Frequently asked questions (FAQs)
GLIFWC posts the dates regulated lakes are open by state on its website. Current ricing information is available there. Lake openings are also posted on GLIFWC’s Facebook page.
Go to outreach programs and classes on the main page accordian for detailed information.
Treaty rights are rights retained in treaties negotiated between sovereigns. In the case of the Ojibwe in northern Michigan, Wisconsin and Minnesota, their headmen retained or kept the rights to hunt, fish and gather on lands they ceded to the U.S. government. These retained rights are called usufructuary rights, which means the right to use property. An example would be if a property owner sold land but retained mineral rights, or the right to access minerals beneath the surface. Another example would be retaining frailing rights in Oklahoma, where land is sometimes sold but the right to frail pecans on the land is retained by the first owner. Treaty rights are not some unique or “special” right that courts have granted certain tribes; rather they are legal usufructuary rights retained by tribes at the time the treaties were signed. Treaty rights are also tribal, not individual rights. They are held and regulated by the treaty signatory tribes.
No, only those who are members of tribes that were signatory to a treaty in which those rights were reserved.
All off-reservation treaty seasons are regulated through tribally-adopted codes. Harvest seasons and quotas are established and enforced. Quotas are frequently determined in meetings between state and tribal biologists who share their assessment data and through scientific models determine quotas for a variety of species. GLIFWC’s Enforcement staff patrol ceded territories during open seasons. Violators are cited into tribal courts.
GLIFWC develops reports on all treaty seasons, so information regarding harvests is available in Biological Reports on each season. These are found under the applicable section on this website. For instance, deer harvest reports will be under the Wildlife Section; walleye will be under the Inland Fisheries Section and lake trout will be under the Great Lakes Fisheries Section. Some harvest information is also available via graphs in the booklet A Guide to Understanding Ojibwe Treaty Rights.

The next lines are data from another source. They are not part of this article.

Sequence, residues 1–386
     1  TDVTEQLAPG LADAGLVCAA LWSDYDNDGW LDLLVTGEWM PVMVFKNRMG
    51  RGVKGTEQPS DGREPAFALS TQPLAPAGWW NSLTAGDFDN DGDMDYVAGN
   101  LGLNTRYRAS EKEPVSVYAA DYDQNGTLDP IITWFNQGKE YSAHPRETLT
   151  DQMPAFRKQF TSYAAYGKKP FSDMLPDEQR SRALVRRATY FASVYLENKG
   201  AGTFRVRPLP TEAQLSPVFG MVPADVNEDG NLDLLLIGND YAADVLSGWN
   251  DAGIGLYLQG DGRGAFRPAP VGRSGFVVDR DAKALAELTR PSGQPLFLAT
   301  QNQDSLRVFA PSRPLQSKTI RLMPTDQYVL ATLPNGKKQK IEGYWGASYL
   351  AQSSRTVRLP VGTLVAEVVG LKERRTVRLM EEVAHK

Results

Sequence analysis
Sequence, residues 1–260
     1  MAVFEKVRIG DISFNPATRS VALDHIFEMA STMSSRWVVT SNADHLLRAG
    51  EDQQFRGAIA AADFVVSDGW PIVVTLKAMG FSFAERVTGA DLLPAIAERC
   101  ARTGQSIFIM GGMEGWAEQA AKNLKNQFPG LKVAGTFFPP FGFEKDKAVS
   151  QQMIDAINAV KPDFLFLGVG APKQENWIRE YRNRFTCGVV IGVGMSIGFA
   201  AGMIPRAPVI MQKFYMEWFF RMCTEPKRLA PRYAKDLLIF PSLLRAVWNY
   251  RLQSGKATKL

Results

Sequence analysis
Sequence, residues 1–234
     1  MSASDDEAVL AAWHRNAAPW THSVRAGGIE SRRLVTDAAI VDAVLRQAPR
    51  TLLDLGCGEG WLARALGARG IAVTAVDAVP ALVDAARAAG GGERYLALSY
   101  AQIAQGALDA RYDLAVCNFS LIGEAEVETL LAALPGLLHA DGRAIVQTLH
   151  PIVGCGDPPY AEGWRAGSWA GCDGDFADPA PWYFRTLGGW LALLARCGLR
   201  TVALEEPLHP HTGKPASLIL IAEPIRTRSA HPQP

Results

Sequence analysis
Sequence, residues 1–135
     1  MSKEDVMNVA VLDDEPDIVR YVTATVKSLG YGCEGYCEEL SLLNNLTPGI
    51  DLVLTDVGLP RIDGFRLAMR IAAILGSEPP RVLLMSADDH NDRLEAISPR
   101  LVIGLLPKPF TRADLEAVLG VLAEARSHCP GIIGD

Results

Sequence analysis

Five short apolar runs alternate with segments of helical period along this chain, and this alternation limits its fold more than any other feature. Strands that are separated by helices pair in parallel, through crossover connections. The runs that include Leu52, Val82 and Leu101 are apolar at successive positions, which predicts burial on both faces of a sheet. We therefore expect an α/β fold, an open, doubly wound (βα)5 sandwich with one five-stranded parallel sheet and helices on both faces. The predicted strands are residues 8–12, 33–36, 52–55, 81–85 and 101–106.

Agreements between governments such as treaties are not invalidated by age, nor are other types of contracts made between individuals. The U.S. Constitution states that “treaties are the supreme law of the land,” consequently, they should be honored. Changes to the agreements can be negotiated if both parties consent. In terms of the Ojibwe treaty rights being practiced today, recent federal court decisions define the scope and regulation of treaty rights, making them compatible with modern day circumstances.
Nothing in the treaties states that the Ojibwe could not use modern methods or equipment to hunt, fish and gather, and federal courts have found that the Ojibwe may use modern methods of harvest when exercising their treaty rights. The bottom line is that effective management with harvest quotas protects the resource from overharvest no matter the method or the gear.
Some people believe that the treaty rights are unlimited in scope. This is not true. In Wisconsin, the Ojibwe, under a series of court rulings in the Voigt case, exercise off-reservation treaty rights limited by quotas, seasons and tribally-adopted regulations.
In Minnesota, tribal harvest is also subject to the specifications of adopted court stipulations which limit treaty quotas, set seasons, and place other restrictions on the treaty harvest. Management plans for the both the fishery and wildlife harvests are negotiated every five years. These plans provide the structure for a limited treaty harvest and safeguard the resources.